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Dry Eye at Night

Below are some basic suggestions for keeping night dryness under control, starting with the simplest. Of course, not all of these factors are applicable to all patients, but you may find that one or more of them is important in your case. Our night dry eye recommendations revolve around effective environmental control and physical barriers over the eyes (typically in addition to, not replacing, good lubrication).

Lubrication (tears, gels, etc.)

This is a fundamental (and obvious) part of overnight protection: applying a lubricant – artificial tear, teargel, gel, or ointment. However, at night lubrication has its limits as well as its pitfalls. Conventional wisdom has it that viscous (thick) products such as gels or ointments should be used at night. Please understand we're not doctors and can't speak authoritatively. Nevertheless, we don't think this is right. We've had so very many reports over the years from patients getting progressively worse using a greasy ointment every night that we feel a lot of concern over long-term use of ointments for night protection. [Please note, if your doctor has prescribed ointment please DO NOT discontinue it without their permission and an agreed upon alternative strategy.] We humbly submit the idea that using artificial tears or non greasy gels plus stepping up other forms of protection (see below) may be a better and safer route. In addition, there are many patients for whom no lubricant however viscous will get them through a night anyway. So, read on:

Physical Protection (Tranquileyes, sleep masks, or taping)

This is something relatively few people think of on their own but it can make an ENORMOUS difference in protecting vulernable, dry eyes against severe dryness, erosions and abrasions at night. What do we mean by physical protection? Simply covering your eyes effectively to reduce tear evaporation and keep in moisture. One reason this is so effective is that for many people, aggravated night symptoms may be related to an underdiagnosed condition called lagophthalmos, where the lids do not fully close. Eye protection can be as simple as a soft eye mask (like the type you can get for $2-3 at a drugstore to keep light out when you're napping), or a thicker more effective sleep mask. But the current gold standard product for eye protection at night is called tranquileyes (by Eye Eco, Inc.) – a soft rubber mask with foam liners and wettable foam inserts that seals in moisture overnight. Relatively new on the market, Tranquileyes is in our opinion an important investment for chronic dry eye patients. Tranquileyes also has new self-heating inserts called thermoeyes to provide a super high moisture environment. Whatever you choose to use, try to keep your eyes covered at least part of the night. Don't forget to keep it clean and dry: daily washing is in order.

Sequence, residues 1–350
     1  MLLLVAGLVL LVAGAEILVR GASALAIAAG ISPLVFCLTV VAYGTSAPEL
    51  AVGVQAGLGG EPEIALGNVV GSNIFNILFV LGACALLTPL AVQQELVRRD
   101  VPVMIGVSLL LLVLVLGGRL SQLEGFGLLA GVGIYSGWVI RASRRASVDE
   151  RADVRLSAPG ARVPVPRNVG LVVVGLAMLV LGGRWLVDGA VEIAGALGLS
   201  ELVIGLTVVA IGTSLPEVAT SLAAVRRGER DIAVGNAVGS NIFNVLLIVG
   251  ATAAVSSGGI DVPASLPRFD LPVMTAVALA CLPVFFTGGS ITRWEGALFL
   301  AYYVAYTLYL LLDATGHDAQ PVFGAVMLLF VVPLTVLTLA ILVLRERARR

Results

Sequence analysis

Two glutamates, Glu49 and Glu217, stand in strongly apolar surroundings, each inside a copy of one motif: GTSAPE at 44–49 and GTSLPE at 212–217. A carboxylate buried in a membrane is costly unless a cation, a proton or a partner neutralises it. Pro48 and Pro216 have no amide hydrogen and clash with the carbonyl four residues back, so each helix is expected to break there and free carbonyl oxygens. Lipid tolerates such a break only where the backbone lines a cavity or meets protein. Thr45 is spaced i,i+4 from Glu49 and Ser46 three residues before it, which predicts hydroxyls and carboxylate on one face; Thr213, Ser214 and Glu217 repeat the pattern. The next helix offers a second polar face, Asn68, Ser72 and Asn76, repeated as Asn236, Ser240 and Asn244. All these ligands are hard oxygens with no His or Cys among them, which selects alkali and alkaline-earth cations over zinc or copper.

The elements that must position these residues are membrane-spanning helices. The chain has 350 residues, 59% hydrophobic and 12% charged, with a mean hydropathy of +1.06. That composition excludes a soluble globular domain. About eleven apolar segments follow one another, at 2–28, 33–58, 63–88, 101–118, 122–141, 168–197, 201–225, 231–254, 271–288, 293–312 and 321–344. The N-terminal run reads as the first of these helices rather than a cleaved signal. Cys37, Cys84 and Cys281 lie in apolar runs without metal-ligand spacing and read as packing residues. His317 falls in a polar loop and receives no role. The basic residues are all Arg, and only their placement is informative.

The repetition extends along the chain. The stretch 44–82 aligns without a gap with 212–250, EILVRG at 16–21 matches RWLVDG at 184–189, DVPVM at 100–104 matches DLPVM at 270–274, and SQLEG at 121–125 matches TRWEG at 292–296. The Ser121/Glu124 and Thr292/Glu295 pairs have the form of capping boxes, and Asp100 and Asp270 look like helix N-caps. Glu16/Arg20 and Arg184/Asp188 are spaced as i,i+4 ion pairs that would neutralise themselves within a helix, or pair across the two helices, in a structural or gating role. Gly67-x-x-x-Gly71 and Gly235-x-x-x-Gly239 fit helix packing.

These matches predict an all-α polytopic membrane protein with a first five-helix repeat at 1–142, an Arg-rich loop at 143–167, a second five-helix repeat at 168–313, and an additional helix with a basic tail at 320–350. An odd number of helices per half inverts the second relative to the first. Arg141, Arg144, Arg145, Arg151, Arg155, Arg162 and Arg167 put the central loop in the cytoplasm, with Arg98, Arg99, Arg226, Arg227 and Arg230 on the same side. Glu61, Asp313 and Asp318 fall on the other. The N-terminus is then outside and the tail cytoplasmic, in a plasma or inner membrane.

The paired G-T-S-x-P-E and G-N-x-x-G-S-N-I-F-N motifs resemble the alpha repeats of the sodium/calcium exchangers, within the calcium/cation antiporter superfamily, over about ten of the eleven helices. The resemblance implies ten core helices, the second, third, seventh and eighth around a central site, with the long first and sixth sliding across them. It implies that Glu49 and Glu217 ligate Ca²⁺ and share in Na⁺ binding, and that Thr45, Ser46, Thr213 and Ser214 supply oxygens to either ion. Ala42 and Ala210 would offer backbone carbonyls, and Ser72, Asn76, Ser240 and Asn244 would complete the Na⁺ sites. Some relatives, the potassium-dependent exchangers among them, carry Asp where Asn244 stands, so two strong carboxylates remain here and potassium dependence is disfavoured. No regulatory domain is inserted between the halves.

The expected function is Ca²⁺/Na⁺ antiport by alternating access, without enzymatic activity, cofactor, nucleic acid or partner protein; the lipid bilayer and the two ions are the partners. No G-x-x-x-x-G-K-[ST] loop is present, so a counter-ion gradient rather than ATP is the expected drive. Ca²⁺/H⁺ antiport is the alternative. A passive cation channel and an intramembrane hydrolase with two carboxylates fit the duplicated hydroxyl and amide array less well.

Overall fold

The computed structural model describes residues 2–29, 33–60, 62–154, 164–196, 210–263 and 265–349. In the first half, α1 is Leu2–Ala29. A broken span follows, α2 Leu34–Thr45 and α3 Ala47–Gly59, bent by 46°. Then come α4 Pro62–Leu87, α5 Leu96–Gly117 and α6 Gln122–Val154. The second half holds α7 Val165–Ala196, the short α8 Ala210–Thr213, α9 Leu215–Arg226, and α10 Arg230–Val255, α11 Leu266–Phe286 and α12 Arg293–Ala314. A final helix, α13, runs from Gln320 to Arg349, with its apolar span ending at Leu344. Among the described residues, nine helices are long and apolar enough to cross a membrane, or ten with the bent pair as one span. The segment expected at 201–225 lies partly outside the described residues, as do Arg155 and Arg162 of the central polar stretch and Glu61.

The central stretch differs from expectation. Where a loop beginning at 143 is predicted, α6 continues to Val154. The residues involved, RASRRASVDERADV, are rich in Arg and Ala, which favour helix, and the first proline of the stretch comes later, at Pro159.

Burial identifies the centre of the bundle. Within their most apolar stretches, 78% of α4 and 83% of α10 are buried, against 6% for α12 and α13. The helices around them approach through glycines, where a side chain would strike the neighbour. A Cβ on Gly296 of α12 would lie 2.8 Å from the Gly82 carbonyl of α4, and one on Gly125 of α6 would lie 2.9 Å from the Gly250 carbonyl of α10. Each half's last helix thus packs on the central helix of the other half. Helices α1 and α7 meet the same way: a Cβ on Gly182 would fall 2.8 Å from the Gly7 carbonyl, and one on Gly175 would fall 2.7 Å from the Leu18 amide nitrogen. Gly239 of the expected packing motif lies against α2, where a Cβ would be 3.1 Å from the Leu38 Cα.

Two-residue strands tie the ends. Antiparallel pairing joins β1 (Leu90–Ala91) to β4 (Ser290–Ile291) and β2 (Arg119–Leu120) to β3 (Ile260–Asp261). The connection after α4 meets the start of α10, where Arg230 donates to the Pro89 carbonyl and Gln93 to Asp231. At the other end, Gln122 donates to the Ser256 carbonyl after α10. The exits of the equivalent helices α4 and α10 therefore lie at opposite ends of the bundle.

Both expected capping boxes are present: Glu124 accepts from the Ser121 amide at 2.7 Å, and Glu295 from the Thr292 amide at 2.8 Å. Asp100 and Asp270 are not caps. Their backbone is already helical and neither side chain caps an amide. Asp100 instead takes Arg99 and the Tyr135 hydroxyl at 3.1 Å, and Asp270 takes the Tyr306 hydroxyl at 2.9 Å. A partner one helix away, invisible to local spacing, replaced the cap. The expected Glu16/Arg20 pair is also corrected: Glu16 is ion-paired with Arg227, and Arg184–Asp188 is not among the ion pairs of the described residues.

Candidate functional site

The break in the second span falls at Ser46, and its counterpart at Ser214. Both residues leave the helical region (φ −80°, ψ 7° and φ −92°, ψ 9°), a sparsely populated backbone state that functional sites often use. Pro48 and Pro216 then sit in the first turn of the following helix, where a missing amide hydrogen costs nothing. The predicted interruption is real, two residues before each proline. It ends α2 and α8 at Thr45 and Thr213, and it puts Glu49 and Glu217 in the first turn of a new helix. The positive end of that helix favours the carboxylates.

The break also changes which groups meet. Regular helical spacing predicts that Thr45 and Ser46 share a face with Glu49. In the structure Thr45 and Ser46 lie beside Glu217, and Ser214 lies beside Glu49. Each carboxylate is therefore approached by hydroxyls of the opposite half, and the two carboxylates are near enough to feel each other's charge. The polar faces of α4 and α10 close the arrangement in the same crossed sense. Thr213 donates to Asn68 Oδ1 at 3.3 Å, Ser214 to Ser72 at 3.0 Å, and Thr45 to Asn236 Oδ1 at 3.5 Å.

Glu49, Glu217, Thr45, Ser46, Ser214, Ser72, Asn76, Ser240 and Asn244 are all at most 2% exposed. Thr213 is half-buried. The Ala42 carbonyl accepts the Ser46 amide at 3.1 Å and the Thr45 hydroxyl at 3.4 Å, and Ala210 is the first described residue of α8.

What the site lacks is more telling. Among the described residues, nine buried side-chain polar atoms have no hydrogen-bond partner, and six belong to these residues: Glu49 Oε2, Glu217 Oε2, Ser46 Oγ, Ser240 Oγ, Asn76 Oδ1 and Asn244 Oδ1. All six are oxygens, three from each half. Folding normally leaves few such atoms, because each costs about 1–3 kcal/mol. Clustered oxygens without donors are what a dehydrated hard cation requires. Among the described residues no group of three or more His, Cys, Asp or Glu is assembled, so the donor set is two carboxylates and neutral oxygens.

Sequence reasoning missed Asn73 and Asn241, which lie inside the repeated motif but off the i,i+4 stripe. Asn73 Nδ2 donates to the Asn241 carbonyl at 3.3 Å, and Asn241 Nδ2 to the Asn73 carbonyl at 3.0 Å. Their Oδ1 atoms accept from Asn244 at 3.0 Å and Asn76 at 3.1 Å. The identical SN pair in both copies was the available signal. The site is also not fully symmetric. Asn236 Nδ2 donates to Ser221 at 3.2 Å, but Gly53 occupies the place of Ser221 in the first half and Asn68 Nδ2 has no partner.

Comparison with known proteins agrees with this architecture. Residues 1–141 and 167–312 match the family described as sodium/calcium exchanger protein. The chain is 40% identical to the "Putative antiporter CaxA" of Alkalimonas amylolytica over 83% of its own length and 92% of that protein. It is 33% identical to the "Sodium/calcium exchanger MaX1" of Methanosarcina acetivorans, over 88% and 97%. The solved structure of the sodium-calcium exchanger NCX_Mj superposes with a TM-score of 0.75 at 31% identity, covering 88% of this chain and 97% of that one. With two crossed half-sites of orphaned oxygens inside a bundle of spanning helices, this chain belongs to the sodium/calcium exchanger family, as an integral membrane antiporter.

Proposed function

Ventilation

Heat and A/C dry out the air in the bedroom and aggravate overnight symptoms. The less you use of either at night, the better. Please also consider airflow. To the extent you've got air vents directly over you, you're going to suffer more than if not. Keep the ceiling fan off if possible as the increased airflow will contribute to more evaporation as well. During seasons, or in climates, where heavy use of heat or A/C is necessary, use of a humidifier and eye protection becomes even more important.

Humidification

A humidifier in the bedroom is indispensable for many chronic dry eye patients. Don't just go out and buy the first one you see, though. Check out consumer guides. It's also very important to keep your humidifier as clean as possible, otherwise it may contribute to the problem rather than help solve it.

Heat Treatment

Just before bed is an excellent time to do your treatments for Meibomian gland dysfunction (failure of the oil glands in the eyelids to secrete enough oil to prevent rapid tear evaporation). Warm compresses, especially the rice baggy method, often result in excess oil secretions that blur vision for awhile, so bedtime can be a practical time for them, and some patients find that compresses just before bed help reduce their overnight symptoms.

 

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